New York Jets defensive coordinator Jeff Ulbrich gets a familiar face in the form of safety Sharrod Neasman. What does he bring to the table?
After five years with the Atlanta Falcons, Sharrod Neasman is reuniting in New York with his former defensive coordinator, Jeff Ulbrich. He joins a talented safety group that already has Marcus Maye, Lamarcus Joyner, and Ashtyn Davis.
— Tom Pelissero (@TomPelissero) June 10, 2021
Where does Neasman fit in? What are his greatest strengths and weaknesses?
Time to dive into the numbers.
Neasman was signed by the Falcons as an undrafted free agent out of Florida Atlantic in 2016. He played 57 regular season games and five playoff games for Atlanta, mainly playing on special teams but getting a decent number of snaps on defense in the 2018 and 2020 seasons.
Neasman is 29 years old and will turn 30 in October.
Special teams versatility
Neasman is a highly experienced and well-rounded special teams player. He logged 1,070 special teams snaps over his five years as a Falcon, regularly contributing to five of the six special teams phases (every unit besides field goal/extra point protection).
Here is a breakdown of Neasman’s career snap counts by special teams phase:
- Kickoff coverage: 326 snaps
- Kickoff return (as blocker): 247 snaps
- Punt return (as rusher/blocker): 177 snaps
- Field goal/extra point block: 176 snaps
- Punt coverage: 144 snaps
Neasman has 20 tackles and seven missed tackles on special teams in his career, a ratio of 2.9-to-1 that is identical to the 2020 NFL average for special teamers.
While Neasman has only gotten a limited amount of defensive action in his five-year career (774 snaps), he has shown to be capable of handling a variety of responsibilities in the secondary, offering versatility that should intrigue Jets fans. Unlike many other core special teams players in the NFL, Neasman is not completely useless as a defensive player.
Here is a breakdown of where Neasman has lined up throughout his career:
- Free safety: 43.6%
- Off-ball linebacker: 26.7%
- Slot cornerback: 13.3%
- Strong safety: 9.5%
- Outside linebacker: 4.4%
- Outside cornerback: 2.5%
Big-play prevention in coverage
Neasman has refrained from allowing massive chunks of yardage in coverage. He has given up only 7.1 yards per target in his career, which is below the 2020 safety average of 8.0. The longest catch he has given up in his career was a 30-yarder in 2018, which is also the only reception of over 25 yards that he has coughed up.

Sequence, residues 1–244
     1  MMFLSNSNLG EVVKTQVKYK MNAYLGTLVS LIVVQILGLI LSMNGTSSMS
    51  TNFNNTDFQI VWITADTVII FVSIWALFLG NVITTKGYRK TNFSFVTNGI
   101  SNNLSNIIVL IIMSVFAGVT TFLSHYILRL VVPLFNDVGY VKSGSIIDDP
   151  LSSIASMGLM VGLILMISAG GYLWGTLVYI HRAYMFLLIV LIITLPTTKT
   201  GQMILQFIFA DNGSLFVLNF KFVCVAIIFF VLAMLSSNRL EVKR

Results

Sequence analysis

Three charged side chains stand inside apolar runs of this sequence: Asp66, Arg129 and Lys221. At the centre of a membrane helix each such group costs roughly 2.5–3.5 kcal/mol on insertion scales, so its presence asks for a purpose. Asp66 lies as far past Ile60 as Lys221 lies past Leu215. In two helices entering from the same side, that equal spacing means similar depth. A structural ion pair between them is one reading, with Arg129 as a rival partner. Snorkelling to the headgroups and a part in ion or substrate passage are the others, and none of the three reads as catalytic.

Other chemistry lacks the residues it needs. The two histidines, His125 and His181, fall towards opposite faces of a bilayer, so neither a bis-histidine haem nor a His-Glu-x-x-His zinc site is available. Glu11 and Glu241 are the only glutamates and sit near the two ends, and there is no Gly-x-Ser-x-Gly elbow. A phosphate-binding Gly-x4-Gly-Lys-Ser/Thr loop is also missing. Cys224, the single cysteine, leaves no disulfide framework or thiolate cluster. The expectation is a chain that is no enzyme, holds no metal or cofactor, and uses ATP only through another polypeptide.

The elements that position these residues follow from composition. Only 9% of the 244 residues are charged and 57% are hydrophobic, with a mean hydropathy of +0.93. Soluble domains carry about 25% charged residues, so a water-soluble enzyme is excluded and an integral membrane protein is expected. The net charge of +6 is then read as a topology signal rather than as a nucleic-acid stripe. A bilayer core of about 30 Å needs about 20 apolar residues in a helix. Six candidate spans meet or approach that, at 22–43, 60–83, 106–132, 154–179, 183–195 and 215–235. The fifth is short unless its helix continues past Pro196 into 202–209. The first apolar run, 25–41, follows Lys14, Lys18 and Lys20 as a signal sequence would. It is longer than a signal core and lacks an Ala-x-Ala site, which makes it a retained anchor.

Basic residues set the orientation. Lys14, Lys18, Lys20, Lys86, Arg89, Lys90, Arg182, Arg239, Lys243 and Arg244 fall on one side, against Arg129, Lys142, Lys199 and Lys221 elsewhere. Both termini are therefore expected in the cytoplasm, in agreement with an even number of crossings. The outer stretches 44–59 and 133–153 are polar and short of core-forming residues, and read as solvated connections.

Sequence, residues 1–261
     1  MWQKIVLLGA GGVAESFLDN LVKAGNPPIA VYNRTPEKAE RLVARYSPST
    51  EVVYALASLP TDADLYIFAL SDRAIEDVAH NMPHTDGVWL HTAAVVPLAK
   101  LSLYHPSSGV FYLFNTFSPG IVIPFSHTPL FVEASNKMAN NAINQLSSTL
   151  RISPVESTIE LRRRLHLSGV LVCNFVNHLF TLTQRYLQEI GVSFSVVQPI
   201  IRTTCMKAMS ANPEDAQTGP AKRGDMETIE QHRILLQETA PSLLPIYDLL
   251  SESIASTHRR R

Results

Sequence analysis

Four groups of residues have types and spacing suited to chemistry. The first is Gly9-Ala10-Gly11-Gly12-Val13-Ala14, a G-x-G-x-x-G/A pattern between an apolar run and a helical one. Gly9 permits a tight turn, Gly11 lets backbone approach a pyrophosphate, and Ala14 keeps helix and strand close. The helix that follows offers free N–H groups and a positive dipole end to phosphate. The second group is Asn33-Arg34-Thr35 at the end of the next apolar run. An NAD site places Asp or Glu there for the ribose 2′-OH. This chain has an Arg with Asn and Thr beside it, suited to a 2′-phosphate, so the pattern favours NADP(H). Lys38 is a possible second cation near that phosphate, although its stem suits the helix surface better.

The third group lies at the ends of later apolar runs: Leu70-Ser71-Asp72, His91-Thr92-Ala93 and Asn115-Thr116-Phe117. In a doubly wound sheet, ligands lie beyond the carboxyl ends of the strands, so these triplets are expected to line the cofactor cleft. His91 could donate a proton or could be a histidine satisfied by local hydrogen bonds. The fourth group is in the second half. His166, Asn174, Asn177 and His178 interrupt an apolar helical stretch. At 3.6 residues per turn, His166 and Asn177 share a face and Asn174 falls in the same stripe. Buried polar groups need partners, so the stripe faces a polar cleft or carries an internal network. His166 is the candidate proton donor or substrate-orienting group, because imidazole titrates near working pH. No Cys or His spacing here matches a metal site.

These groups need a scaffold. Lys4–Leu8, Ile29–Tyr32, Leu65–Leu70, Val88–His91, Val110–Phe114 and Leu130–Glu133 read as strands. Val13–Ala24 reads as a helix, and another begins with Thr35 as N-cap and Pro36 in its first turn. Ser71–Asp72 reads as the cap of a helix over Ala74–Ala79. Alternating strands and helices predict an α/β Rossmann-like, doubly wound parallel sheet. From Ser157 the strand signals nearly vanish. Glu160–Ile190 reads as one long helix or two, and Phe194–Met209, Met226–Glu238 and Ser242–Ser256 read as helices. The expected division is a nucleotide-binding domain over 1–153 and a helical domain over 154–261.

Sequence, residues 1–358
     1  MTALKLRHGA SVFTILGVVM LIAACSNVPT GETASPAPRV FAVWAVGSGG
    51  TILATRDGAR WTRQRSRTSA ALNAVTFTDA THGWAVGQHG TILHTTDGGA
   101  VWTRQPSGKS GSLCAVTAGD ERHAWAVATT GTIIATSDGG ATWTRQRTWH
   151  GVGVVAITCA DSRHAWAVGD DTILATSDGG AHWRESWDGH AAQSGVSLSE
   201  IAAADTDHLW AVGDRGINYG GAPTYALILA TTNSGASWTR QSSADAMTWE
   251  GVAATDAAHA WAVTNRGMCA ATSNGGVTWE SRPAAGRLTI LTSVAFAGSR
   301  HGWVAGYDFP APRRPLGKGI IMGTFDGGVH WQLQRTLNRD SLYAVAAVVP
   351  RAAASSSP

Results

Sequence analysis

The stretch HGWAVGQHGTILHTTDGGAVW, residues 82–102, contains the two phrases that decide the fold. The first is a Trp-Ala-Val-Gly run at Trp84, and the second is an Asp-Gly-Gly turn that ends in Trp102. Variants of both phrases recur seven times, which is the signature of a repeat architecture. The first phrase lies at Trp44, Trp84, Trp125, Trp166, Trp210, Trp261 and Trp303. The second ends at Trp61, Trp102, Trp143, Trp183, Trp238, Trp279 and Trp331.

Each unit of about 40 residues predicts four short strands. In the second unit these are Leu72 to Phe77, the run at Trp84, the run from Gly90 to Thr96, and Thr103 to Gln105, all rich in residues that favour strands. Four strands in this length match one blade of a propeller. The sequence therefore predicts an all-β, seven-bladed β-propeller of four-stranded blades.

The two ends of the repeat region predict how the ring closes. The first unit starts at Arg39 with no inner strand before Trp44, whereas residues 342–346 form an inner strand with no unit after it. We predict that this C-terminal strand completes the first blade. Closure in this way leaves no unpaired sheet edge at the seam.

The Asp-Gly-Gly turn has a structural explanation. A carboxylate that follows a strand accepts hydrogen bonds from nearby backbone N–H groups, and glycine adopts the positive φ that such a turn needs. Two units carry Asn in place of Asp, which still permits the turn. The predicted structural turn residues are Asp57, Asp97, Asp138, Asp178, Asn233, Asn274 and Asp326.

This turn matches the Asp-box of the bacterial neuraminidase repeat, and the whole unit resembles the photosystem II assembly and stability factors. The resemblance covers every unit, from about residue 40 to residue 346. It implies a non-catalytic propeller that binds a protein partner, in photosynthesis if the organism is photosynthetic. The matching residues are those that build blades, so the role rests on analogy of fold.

Neasman is decently active against the run. Over his career, he has 10 run stops over 276 snaps as a run defender, a 3.6% rate that beats the 2020 average for safeties (3.0%). He had an excellent season as a run stopper in 2018 as he had seven run stops over 154 snaps (4.5%) but wasn’t active in that phase in 2020 with two stops over 104 snaps (1.9%).
On defense, Neasman has 11 missed tackles in his career. His career 5.9-to-1 ratio of tackles to missed tackles on defense is below-average for a safety (2020 S average: 7.5-to-1).
Neasman actually improved greatly in this area in 2020. He had 18 defensive tackles compared to just one missed tackle.
Neasman has rarely ever been used as a blitzer in his career, being sent after the quarterback on just eight snaps. Only one of those resulted in pressure, but it was a sack on Tom Brady this past season.
Neasman has given up four touchdown passes in his career and has yet to snag an interception. All four of those touchdowns came in 2018, but Neasman has only been targeted eight times since then (he was targeted 29 times in 2018), so he hasn’t quelled the concerns about his touchdown susceptibility just yet.
All in all, Neasman has proven to be a quality backup defensive back. In 2018, his 67.8 overall grade at Pro Football Focus ranked at the 49th percentile among qualified safeties (200+ snaps), and in 2020, his 63.4 grade ranked at the 47th percentile. He’s been a passable, essentially league-average player, which is all you could hope for in a backup.
LISTEN TO THE ARTICLE HERE:
Or, join the only official Jets Discord in order to join a community of like-minded fans.